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West Okoboji Lake is a natural body of water, approximately 3,847 acres (15.57 km2) in area, in Dickinson County in northwest Iowa in the United States. It is part of the chain of lakes known as the Iowa Great Lakes. The area was long inhabited by the Santee or Dakota Sioux. The Dakota-language name for the lake was Minnetonka, meaning "great waters".
The cities of Arnolds Park, Okoboji, West Okoboji, and Wahpeton sit on its shore. Okoboji was derived from the Dakota name for the lake, and Wahpeton was the name of one of the major historic Sioux bands in the nineteenth century. Today the Sisseton-Wahpeton Sioux are a federally recognized tribe.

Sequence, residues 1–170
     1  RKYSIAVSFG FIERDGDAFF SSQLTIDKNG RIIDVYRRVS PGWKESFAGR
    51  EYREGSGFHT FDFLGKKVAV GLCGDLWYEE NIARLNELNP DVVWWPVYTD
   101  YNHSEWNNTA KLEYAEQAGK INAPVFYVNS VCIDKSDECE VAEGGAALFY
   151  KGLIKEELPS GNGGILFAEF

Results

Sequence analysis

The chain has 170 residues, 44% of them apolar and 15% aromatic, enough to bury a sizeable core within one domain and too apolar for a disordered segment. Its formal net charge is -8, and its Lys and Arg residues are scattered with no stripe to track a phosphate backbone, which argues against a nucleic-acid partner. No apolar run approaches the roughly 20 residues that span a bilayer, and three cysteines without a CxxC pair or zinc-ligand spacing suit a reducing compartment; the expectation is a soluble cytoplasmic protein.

Its maximum depth is 136 feet (41 m), making it the deepest lake in Iowa and second in size only to Spirit Lake. The mean depth is 39 feet (12 m). The drainage area of the lake is approximately 125 square miles (320 km2).
Geologically, the lake, like its neighbors, is a glacial pothole, a remnant of the most recent ice age approximately 13,000 years ago.
West Okoboji is often considered to be one of three blue water lakes in the world. The other two are Lake Geneva in Switzerland and Lake Louise in Canada.
The depth of the lake makes it a popular regional destination for motor boating, water skiing, sailing, and swimming. The lake is also a popular fishing destination in the region.
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